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Exam: Rev. Proc. 94-69's Post-Filing Disclosures to Survive in Some Form

Journal of Tax Practice & Procedure

For decades, large corporate taxpayers have relied on procedures outlined in Rev. Proc. 94-69 to make post-filing disclosures and receive penalty protections. In this article, George Hani and Colin Handzo* write that, in general, accuracy-related penalties are waived in the case of disclosures or adjustments reflected on a qualified amended return (QAR) filed before the taxpayer is first contacted about an audit. But, for large corporate taxpayers under continuous or near-continuous audit, filing a QAR is rarely an option. Rev. Proc. 94-69 allows taxpayers under continuous audit to show additional tax due or make disclosures to avoid certain accuracy-related penalties after the commencement of an audit. 

The procedures have been enormously popular among taxpayers and Internal Revenue Service (IRS) employees because they promote the objectives of sound tax administration. However, in 2020, the availability of these disclosures seemed in doubt. At that point, the IRS announced it was considering revoking Rev. Proc. 94-69 given the IRS's Large Business & International division's (LB&I) plan to wind down their formal continuous audit program. After receiving enthusiastic comments from stakeholders advocating that the IRS not obsolete Rev. Proc. 94-69's procedures (as well as internal comments), the IRS recently announced that it will be replacing—not obsoleting—Rev. Proc. 94-69. In its 2022 Announcement, the IRS released, and solicited comments on, a new draft Form 15307, "Postfiling Disclosure for Specific Large Business Taxpayers," which aims to standardize disclosures under a new process. The 2022 Announcement also noted that further IRS guidance will be forthcoming as to which taxpayers will be eligible to make such disclosures, and it is this question that is on many taxpayers' minds. In the authors' view, in order to achieve the intended goals of Rev. Proc. 94-69, this pool of eligible taxpayers should be sufficiently broad to allow as many taxpayers as possible to avail themselves of the post-filing disclosure procedures without providing an avenue for taxpayers to abuse the procedures. That is, the guidance should exclude people who would likely use the procedures to play the audit lottery and still gain penalty protection.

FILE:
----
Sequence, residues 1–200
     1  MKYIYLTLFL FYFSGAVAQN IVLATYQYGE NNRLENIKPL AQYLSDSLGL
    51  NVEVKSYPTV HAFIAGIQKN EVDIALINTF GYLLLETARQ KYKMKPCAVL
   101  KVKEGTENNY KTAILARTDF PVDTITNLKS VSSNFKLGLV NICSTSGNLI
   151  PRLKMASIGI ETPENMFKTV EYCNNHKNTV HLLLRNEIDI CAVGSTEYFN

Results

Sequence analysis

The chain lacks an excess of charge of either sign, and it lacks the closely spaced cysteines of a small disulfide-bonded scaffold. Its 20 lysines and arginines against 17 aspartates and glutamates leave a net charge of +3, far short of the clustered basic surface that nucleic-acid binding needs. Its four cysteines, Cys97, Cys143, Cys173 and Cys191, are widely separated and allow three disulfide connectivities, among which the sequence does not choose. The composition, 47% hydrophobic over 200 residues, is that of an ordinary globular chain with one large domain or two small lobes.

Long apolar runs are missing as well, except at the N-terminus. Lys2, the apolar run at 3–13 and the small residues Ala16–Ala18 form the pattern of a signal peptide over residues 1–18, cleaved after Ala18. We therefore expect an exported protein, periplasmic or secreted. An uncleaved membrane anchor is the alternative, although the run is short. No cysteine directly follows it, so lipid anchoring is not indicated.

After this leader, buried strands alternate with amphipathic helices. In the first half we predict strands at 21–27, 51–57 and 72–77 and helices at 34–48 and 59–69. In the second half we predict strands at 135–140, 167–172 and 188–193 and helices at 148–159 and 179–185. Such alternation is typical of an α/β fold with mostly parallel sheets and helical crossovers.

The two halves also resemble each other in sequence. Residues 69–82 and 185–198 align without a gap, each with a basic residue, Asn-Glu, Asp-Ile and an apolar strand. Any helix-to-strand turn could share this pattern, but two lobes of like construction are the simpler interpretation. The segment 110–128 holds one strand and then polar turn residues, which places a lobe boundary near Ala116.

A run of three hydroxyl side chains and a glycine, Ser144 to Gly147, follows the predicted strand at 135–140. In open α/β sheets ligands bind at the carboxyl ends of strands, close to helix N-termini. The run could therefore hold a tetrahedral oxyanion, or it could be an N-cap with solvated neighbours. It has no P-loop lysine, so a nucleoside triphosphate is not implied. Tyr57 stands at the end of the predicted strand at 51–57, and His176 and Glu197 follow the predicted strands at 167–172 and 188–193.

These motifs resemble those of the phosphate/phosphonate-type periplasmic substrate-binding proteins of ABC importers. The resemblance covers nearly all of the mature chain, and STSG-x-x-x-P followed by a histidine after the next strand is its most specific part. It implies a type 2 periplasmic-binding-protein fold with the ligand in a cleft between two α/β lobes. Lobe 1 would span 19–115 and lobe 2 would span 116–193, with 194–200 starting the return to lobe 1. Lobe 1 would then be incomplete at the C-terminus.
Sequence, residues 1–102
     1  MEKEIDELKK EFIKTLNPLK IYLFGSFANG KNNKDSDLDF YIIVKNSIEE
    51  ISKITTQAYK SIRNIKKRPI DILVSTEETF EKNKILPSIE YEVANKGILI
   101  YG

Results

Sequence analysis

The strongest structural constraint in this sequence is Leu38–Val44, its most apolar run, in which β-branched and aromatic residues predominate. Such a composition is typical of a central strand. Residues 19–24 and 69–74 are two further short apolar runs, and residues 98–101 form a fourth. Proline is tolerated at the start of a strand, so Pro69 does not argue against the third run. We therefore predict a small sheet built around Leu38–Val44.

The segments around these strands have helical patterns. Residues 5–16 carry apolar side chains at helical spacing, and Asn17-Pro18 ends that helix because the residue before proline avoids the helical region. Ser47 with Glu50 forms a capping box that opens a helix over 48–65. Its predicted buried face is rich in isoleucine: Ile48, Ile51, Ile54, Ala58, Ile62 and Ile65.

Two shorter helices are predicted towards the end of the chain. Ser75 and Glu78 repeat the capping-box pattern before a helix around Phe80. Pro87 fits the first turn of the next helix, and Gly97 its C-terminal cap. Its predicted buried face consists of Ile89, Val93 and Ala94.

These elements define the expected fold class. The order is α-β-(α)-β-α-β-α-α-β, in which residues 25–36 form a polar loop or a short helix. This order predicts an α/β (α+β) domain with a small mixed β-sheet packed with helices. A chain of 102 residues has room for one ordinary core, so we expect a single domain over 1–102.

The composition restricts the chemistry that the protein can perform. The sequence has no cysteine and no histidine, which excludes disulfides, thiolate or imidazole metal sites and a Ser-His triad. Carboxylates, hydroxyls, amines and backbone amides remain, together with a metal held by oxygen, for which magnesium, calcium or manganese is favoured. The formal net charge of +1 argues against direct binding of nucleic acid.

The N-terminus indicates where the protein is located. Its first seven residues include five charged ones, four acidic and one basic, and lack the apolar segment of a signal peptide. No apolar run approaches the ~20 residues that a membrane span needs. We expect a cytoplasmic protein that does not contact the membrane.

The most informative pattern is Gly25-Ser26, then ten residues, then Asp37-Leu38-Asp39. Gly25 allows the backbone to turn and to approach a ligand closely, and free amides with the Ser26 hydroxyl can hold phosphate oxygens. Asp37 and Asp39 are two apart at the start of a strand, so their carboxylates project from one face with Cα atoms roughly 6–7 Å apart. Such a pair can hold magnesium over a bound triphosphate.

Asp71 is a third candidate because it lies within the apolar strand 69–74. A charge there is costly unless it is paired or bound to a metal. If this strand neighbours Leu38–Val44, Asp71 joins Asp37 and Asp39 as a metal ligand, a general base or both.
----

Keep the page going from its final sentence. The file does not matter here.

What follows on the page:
The comment period for the draft Form 15307 closed on June 3. The tight comment window as well as the inclusion of the item on Treasury's 2021-2022 Priority Guidance Plan suggests that the IRS hopes to have Rev. Proc. 94-69's replacement in place soon and hopefully in 2022. All taxpayers should be on the lookout for the finalization of Form 15307 (whether adopted in its current form or with changes) and for guidance defining the pool of taxpayers eligible to use the Form. Taxpayers should also consider the practical steps they could take now regarding returns that have already been filed and for which the IRS may open audits in the near future.

*Former Miller & Chevalier attorney